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Professor examines ways in which governments, private companies censor online speech

Tuesday, January 27, 2015

LAWRENCE — Work by a University of Kansas researcher challenges the notion that the Internet is a democratic and liberating forum that can facilitate an unimpeded exchange of ideas devoid of interference or censorship of unpopular ideas. Instead, it is a place where private businesses and governments around the world have at their disposal a multitude of ways to censor speech, the professor says.

“Right now the most important chapter in the story of free speech is being written by Internet companies,” said Jonathan Peters, assistant professor of journalism and faculty affiliate at the Information and Telecommunication Technology Center. “They are acting as arbiters of free speech globally in ways that we traditionally reserved for courts.”

Peters outlines how various intermediaries can control online speech in “The Spectrum of Internet Chokepoints,” a paper he recently presented at the International Symposium on Digital Ethics. The paper is part of a larger body of work Peters is undertaking to examine free speech and the Internet. The big question he is trying to answer is whether the First Amendment can be applied to companies that exercise the power to remove speech from online sources. Generally, the First Amendment limits only the government’s ability to restrict speech.

The first piece in the series outlines the various ways speech can be controlled or censored. Among the most common mechanisms are the terms of use and the community guidelines adopted by popular sites, such as YouTube, Twitter and Facebook. They tell users what types of content they may and may not post. Notably, the companies often claim to be devoted to democratic principles (for example, in their mission statements or founding documents), but in practice they sometimes censor content with inconsistent reasoning, the professor said.

Peters shares the example of “Innocence of Muslims,” a video that sparked outrage in countries throughout the Middle East for its perceived criticism of Islam. While YouTube allowed the video to remain online in the United States, saying the video broke no laws here, the company removed the video in countries where it violated local laws. However, in Libya and Egypt, the video was removed or blocked even though the company said it did not violate local laws. YouTube issued only vague statements about its decisions, according to the researcher.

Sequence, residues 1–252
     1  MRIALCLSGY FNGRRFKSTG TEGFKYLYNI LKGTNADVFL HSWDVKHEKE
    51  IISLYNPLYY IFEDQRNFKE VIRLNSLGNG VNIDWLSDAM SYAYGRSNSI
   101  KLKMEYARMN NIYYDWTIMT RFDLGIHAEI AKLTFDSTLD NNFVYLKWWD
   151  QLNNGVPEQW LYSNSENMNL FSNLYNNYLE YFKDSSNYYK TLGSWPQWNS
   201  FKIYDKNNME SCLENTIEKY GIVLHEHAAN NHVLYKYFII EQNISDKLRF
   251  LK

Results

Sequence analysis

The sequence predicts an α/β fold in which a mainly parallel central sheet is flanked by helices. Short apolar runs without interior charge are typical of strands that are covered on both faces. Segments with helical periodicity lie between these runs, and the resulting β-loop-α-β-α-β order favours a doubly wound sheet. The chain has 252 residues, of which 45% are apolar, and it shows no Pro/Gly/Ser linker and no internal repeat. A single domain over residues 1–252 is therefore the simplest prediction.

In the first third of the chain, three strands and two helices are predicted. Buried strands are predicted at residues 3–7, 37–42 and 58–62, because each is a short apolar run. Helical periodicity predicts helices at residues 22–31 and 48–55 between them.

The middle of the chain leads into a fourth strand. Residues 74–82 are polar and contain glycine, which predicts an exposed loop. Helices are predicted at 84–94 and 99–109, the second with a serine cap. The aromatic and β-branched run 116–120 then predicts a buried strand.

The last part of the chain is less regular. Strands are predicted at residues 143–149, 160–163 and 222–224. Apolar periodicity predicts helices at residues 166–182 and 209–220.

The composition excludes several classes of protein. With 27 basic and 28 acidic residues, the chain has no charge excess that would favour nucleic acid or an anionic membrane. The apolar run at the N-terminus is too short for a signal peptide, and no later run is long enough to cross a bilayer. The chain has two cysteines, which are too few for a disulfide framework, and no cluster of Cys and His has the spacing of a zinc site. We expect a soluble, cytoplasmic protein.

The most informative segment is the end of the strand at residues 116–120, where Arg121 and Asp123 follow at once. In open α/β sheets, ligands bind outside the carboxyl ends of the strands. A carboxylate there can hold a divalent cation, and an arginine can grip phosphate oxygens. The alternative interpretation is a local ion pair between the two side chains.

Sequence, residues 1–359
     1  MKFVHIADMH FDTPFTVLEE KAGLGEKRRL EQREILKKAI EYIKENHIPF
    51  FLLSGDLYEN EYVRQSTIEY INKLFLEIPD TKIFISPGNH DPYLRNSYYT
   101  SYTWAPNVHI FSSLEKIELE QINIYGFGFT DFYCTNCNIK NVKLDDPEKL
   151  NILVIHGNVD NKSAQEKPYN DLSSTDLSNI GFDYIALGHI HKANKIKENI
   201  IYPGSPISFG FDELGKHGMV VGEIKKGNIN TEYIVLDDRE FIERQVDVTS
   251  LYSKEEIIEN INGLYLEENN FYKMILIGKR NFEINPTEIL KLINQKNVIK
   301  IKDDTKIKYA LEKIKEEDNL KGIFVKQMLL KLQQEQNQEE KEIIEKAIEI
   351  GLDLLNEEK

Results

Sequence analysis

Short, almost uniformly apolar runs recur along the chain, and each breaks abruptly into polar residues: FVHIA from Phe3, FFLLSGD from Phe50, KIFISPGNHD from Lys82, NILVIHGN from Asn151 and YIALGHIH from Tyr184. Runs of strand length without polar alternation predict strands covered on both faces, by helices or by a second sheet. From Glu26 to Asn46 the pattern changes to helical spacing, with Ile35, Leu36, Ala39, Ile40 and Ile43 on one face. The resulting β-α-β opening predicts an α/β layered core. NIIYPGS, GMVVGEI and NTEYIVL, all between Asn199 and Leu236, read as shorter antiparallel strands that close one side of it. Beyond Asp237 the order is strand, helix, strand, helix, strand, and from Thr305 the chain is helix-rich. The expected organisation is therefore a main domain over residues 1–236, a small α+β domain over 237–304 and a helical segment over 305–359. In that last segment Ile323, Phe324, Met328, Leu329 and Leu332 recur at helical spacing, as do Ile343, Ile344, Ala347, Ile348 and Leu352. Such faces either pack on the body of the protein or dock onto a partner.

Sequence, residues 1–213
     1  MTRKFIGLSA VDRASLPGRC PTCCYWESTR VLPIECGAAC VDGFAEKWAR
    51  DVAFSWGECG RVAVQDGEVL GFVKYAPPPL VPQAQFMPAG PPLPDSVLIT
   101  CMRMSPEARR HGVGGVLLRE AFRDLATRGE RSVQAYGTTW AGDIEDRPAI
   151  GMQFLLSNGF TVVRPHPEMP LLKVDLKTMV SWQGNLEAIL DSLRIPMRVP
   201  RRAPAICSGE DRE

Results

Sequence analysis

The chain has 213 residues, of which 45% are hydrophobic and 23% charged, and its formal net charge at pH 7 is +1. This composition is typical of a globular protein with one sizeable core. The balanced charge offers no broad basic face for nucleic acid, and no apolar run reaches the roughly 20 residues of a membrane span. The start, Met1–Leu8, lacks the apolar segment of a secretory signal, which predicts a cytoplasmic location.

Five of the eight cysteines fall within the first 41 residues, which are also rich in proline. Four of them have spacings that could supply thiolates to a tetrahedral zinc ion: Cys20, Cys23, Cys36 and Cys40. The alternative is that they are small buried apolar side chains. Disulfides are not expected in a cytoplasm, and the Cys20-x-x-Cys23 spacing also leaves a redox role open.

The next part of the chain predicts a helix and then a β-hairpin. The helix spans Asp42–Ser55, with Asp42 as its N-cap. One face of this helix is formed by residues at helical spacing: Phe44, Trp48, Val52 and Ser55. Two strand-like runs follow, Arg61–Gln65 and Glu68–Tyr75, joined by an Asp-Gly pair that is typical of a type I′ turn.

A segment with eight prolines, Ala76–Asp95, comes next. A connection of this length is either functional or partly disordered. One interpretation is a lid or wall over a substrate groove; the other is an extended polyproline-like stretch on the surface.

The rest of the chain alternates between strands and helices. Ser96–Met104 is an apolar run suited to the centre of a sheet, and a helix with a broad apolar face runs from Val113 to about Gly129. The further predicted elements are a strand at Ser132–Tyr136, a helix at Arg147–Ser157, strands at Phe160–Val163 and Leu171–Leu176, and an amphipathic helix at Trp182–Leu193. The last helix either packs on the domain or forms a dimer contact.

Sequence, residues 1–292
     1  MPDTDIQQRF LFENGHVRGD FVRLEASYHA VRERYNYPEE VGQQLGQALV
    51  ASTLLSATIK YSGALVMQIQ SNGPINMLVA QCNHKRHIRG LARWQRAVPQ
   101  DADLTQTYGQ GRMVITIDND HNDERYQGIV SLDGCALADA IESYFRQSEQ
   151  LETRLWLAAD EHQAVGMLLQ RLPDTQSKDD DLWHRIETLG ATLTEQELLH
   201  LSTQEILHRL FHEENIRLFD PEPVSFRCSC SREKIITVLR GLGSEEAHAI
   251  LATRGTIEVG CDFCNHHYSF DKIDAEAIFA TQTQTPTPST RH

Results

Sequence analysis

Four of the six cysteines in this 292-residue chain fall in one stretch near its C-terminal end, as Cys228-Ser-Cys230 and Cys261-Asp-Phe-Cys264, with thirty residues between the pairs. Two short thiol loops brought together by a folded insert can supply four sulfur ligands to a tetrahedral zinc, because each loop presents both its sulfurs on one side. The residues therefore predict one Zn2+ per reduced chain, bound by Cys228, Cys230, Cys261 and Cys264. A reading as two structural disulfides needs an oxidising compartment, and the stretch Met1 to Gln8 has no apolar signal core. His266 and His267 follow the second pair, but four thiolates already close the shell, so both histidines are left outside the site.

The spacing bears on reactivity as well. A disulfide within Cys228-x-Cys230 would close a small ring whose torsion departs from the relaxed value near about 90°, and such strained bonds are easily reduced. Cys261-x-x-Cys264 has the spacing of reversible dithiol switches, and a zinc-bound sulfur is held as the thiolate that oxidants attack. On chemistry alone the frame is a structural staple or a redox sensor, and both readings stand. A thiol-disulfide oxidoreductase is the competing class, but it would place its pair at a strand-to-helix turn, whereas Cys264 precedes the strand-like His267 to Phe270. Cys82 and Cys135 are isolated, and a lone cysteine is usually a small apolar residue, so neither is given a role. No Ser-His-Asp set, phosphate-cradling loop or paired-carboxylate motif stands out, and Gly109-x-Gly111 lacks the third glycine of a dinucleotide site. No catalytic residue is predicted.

That is but one example of the inconsistency that has become the rule rather than the exception, Peters said. Facebook has been criticized over the years for what content it allows. At one point, a team of six Facebook staffers were tasked with making final decisions regarding what content to remove in response to user complaints — guided by highly imprecise standards. Further complicating matters, the company has used lower-level content moderators to act as first responders when the complaints come in. Located all around the world, they come from different cultures and belief systems, making it nearly impossible to establish consistent practices, Peters said.

In another area, copyright law has protected content from unauthorized use, but it also has been used creatively as a mechanism to censor certain types of speech, chiefly through the threat of legal action. Many Internet service providers routinely remove content upon receiving a request to do so on copyright ground, because it is cheaper and easier than going through potentially expensive legal proceedings, and a federal copyright law will shield the providers from liability in some cases as long as they remove the content immediately.

Perhaps more troubling, Peters argues, is the ability of authoritarian countries to create an official version of reality by blocking certain queries from search engines and by controlling access to the network itself. In 2011, Egypt did just that when it effectively turned off the Internet and shut down cellphone service, causing a 90 percent drop in data traffic to and from the country. The intent and effect was to neutralize a tool used by antigovernment protestors to organize and speak during the Egyptian Revolution.

“For a government to have the capacity to control so easily, on such a large scale, what its citizens read and hear — that’s really troubling,” Peters said. “It can foreclose entire areas of thought. It can stunt intellectual growth. It can retard scientific progress. It can do all manner of bad things, all in service of societal harmony or citizen compliance.”

Throughout his research, Peters examines a number of other chokepoints, including content hosts, search and application providers, and filtering software. He also explores legal liability for intermediaries under the Communications Decency Act. In future research, he plans to address how the state-action doctrine distinguishes public and private actors and how that doctrine applies to Internet companies, and to devise a state-action theory suitable for the digital world. The overall project is meant to inform policy discussions about creating a governance structure for a single, global Internet.

In the meantime, intermediaries hold a large amount of influence over online information and speech, often keeping the public in the dark about how and why they might decide to censor content.

“The companies themselves are wrestling with these questions,” Peters said. “And then all of us, as users, tend to have no idea how this works, and that’s often because the companies won’t tell us. I think we deserve more than that, and I’m trying to figure out legally if we can demand more than that.”